I'm just saying if you don't feel like it at the moment, it's OK. As we've noted before, it's helpful to experience the whole range of emotions. And you don't need to add guilt on top of it.
Guilt is actually fear turned inward, and there's enough fear going on in the outer world. So, if you or your loved ones are going through a crisis, take solace in this concept. Go ahead and wallow in your pain. Cry on someone's shoulder - or into your pillow - if you need to. Not that I (or anyone else) need to give you permission. Sometimes it's just helpful to hear someone acknowledge the pain.
On the positive side, we've also had some very encouraging news this week. We have a new "corporate child" on the way (thanks, Robin and Jason!) And Dick Allowatt, my colleague who is undergoing challenges related to blockages in his arteries, just got word that he won a top award in a national art competition. The whole agency has also shared some giving of thanks for the award of a major state contract and the opportunity to continue to work in some very meaningful arenas with public health- and to make a difference.
So, once you've had your time in the valley, start to crawl back up to the peak (or at least to the line of scrimmage!). At this point it could be helpful to take stock of your life and look at the things that are going right.
If you try to do this prematurely, though, it may not seem genuine. In some instances it makes sense to "fake it 'til you make it," but not in this case. It needs to come from the heart, so it's OK to wait until you really feel it.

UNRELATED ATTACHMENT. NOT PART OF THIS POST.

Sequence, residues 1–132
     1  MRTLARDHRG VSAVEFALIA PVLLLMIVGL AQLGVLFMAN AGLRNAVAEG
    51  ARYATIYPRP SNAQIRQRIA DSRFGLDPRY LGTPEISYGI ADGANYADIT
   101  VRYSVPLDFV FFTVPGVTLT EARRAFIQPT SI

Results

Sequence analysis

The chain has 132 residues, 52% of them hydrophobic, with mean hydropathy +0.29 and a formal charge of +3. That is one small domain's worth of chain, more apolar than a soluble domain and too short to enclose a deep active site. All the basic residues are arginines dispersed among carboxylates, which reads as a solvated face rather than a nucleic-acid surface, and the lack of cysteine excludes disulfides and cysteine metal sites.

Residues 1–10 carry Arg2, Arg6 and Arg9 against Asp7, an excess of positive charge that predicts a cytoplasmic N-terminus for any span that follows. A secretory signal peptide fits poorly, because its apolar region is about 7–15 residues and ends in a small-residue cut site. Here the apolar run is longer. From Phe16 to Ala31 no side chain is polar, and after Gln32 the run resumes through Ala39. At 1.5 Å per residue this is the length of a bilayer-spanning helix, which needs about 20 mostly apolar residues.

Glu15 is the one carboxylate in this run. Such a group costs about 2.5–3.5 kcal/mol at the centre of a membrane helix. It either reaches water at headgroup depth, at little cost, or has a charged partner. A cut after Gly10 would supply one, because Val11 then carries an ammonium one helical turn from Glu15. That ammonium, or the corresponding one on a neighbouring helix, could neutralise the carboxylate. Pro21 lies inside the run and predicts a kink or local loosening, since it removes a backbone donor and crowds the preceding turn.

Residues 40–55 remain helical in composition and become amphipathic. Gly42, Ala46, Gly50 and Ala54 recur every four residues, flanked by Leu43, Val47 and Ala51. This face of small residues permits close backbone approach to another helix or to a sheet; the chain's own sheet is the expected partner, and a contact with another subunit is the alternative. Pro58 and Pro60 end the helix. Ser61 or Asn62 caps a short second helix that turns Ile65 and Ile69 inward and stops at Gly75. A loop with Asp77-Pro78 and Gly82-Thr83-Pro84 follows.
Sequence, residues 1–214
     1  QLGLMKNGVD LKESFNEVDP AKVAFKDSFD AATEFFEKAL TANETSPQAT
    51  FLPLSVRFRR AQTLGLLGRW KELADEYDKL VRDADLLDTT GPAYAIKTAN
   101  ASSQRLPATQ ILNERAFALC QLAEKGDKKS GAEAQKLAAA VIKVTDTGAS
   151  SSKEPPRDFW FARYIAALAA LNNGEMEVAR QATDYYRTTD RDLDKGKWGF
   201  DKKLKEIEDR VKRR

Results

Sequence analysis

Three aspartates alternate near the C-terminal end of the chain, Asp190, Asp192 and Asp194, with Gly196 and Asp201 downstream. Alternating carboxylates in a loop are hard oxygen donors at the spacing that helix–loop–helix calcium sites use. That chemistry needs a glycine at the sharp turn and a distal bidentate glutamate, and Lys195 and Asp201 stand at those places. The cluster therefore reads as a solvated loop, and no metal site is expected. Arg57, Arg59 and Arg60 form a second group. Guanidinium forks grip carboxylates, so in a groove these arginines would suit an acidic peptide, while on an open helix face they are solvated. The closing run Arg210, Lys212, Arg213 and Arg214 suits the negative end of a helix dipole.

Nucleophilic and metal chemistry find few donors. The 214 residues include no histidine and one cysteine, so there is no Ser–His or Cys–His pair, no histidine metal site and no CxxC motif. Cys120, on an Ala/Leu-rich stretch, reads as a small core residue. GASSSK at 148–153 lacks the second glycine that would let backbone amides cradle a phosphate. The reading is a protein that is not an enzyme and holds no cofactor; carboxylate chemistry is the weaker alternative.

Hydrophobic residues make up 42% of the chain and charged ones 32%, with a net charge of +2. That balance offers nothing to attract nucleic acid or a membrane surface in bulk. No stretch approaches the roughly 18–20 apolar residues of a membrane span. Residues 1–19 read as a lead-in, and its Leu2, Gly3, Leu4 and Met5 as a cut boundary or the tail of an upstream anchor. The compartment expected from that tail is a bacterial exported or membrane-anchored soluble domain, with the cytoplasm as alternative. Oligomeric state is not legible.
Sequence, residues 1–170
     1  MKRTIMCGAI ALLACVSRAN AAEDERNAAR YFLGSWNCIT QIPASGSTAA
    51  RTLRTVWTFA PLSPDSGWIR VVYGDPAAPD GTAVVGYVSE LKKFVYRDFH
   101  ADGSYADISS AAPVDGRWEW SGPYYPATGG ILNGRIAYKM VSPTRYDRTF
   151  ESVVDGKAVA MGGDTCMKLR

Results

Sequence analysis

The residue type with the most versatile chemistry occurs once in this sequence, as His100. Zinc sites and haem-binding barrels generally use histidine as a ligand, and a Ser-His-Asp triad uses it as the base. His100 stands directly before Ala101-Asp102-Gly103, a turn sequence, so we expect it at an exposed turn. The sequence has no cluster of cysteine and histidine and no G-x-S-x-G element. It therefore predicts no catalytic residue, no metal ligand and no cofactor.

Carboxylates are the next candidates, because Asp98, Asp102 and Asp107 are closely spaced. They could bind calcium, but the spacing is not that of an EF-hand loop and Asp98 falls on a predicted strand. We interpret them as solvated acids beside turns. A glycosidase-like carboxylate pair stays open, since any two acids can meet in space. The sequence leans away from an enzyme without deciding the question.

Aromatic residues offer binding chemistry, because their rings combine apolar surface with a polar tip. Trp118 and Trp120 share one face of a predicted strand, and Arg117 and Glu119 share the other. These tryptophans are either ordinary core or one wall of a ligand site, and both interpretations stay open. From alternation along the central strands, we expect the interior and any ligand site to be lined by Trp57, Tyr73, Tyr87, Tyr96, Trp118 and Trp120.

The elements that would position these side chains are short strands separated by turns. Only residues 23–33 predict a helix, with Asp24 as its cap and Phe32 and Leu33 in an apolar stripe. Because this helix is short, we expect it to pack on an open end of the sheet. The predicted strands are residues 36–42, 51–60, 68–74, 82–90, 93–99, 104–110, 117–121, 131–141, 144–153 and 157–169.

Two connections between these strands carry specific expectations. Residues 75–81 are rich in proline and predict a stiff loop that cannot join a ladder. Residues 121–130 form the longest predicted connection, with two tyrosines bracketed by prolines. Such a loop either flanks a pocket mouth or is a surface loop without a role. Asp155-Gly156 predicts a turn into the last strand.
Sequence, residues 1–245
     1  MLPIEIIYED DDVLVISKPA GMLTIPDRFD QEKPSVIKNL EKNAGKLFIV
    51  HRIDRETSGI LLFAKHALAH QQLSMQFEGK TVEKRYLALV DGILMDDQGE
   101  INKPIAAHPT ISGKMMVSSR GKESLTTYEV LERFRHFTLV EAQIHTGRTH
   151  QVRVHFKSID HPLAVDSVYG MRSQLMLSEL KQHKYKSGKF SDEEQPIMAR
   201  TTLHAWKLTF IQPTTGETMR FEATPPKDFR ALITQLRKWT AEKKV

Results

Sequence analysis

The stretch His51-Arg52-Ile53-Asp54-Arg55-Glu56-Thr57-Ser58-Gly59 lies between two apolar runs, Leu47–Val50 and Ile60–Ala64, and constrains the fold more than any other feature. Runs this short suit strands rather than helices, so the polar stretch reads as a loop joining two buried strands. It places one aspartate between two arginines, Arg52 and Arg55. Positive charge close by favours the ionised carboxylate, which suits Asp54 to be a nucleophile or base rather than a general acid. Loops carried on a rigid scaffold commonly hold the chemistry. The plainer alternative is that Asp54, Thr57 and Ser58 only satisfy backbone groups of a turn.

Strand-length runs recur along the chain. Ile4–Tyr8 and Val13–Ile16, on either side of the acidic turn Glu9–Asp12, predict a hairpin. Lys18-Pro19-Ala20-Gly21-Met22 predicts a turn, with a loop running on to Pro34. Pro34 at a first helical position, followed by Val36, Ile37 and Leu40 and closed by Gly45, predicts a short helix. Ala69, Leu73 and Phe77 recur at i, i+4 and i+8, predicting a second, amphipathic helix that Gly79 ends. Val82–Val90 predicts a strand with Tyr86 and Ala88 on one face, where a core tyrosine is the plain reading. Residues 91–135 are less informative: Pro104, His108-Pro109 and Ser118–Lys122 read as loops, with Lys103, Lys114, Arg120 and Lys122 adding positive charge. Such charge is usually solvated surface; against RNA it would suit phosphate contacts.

We've all heard of the "attitude of gratitude." We can't always choose the events in our lives, but we can choose our reactions to the events. And that comes with discipline.
If we focus on what's wrong or all the things we don't have, we can wind up feeling a sense of lack- and that is what will likely manifest for us. Whatever you dwell on - especially if you attach strong emotion to it- will come into your life.
Which reminds me of the saying, "Be careful what you wish for." You may not think you're "wishing" when you continue to stay in the valleys of your life. But your system interprets it as so. As my friend John says, "You don't drown from falling in the river. You drown by staying in the river."
To put it another way, motivational speaker Dennis Waitley says, "You are the product of your current dominant thought." We've covered this in earlier columns where we've explored the following pattern:
So, you see it's not linear. It's like the circle of life. If I have one wish for you this Thanksgiving, it's that you treat yourself with a little more kindness. Author Stephen Levine says to "treasure yourself." You're doing the best you can.
And if you're not "feeling the love" at this season of Thanksgiving, remember that you can change your perspective to "ThanksLIVING: An Endless Season."
But only when you're good and ready.
Linda Arnold, M.B.A., is a certified wellness instructor and chairwoman of The Arnold Agency, an integrated marketing communications firm in Charleston. Reader questions or comments may be directed to Linda Arnold, The Arnold Agency, 117 Summers St., Charleston, WV 25301 or e-mailed to livinglifefu...@arnold agency.com